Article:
Raptors Granted Disabled Player Exception

The Raptors have been granted a disabled player exception due to Otto Porter‘s season-ending foot surgery, tweets Blake Murphy of Sportsnet.ca.

A disabled player exception grants an over-the-cap team some extra spending power when it loses a player to an injury deemed more likely than not to sideline him through at least June 15.

The exception is worth either half the injured player’s salary or the value of the mid-level exception, whichever is lesser. In this case, Porter’s salary for 2022/23 is $6MM so Toronto’s DPE will be worth $3MM.

As we explain in our glossary entry, the disabled player exception can be used to sign a free agent, to claim a player off waivers, or to acquire a player in a trade. The exception can only be used on a single player and can only accommodate a player on a one-year deal. A free agent signee can’t get a multiyear contract, and any trade or waiver target must be in the final year of his contract.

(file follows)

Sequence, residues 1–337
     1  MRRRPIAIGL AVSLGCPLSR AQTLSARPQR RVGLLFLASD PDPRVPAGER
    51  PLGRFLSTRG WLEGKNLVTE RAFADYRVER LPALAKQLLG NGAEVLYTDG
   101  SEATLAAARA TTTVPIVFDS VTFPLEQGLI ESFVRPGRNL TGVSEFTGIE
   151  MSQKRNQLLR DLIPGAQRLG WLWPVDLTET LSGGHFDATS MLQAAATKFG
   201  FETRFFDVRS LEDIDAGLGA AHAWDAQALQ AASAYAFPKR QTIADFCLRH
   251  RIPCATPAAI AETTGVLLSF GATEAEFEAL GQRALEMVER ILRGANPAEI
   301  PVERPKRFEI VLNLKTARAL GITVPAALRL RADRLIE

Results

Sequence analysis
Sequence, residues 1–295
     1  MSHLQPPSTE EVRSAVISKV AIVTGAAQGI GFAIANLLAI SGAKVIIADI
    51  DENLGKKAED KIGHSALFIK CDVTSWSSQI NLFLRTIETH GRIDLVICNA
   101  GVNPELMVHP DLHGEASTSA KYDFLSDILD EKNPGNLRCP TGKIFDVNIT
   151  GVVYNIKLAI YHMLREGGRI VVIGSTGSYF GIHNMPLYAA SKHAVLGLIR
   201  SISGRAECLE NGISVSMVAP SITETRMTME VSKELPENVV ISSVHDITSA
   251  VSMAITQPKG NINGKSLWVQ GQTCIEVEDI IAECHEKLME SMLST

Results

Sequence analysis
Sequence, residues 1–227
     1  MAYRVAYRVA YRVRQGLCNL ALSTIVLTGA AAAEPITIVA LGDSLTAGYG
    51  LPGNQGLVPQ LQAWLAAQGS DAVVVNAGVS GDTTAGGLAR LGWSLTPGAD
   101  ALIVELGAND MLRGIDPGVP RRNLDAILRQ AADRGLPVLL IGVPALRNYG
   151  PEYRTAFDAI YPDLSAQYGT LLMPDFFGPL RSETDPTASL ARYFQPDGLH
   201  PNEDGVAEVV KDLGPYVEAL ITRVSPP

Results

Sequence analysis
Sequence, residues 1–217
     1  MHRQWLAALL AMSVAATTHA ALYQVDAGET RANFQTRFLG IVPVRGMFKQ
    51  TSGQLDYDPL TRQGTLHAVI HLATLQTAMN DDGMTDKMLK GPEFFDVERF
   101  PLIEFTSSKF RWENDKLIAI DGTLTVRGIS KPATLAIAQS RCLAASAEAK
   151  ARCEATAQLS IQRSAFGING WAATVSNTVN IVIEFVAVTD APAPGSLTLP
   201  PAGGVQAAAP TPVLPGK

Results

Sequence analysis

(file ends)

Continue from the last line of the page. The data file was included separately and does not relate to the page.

Although the disabled player exception gives a team extra cap flexibility, it doesn’t open up an extra spot on the 15-man roster. The club must have a roster spot available to use the DPE to add a player.

Teams had until January 15 to apply for disabled player exceptions, so if a player suffers a season-ending injury anytime between now and the end of the season, a DPE won’t be available for his club. Porter underwent surgery on January 10, so obviously Toronto applied for the DPE before the deadline.

The Raptors – and any other team with a disabled player exception – will have until March 10 to use their DPE.

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